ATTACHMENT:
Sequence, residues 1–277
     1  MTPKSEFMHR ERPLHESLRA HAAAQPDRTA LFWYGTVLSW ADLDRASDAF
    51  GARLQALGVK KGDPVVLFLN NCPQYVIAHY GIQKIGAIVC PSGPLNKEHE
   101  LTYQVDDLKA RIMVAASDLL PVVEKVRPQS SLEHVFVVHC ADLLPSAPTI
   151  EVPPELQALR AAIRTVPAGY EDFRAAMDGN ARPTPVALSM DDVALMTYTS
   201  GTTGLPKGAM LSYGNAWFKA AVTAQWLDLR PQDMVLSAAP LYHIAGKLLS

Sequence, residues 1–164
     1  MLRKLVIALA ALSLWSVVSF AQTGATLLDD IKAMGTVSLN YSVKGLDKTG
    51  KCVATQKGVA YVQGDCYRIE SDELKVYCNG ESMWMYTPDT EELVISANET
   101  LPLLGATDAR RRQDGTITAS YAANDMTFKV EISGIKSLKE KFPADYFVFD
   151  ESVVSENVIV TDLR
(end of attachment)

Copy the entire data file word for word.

Sequence, residues 1–277
     1  MTPKSEFMHR ERPLHESLRA HAAAQPDRTA LFWYGTVLSW ADLDRASDAF
    51  GARLQALGVK KGDPVVLFLN NCPQYVIAHY GIQKIGAIVC PSGPLNKEHE
   101  LTYQVDDLKA RIMVAASDLL PVVEKVRPQS SLEHVFVVHC ADLLPSAPTI
   151  EVPPELQALR AAIRTVPAGY EDFRAAMDGN ARPTPVALSM DDVALMTYTS
   201  GTTGLPKGAM LSYGNAWFKA AVTAQWLDLR PQDMVLSAAP LYHIAGKLLS

Sequence, residues 1–164
     1  MLRKLVIALA ALSLWSVVSF AQTGATLLDD IKAMGTVSLN YSVKGLDKTG
    51  KCVATQKGVA YVQGDCYRIE SDELKVYCNG ESMWMYTPDT EELVISANET
   101  LPLLGATDAR RRQDGTITAS YAANDMTFKV EISGIKSLKE KFPADYFVFD
   151  ESVVSENVIV TDLR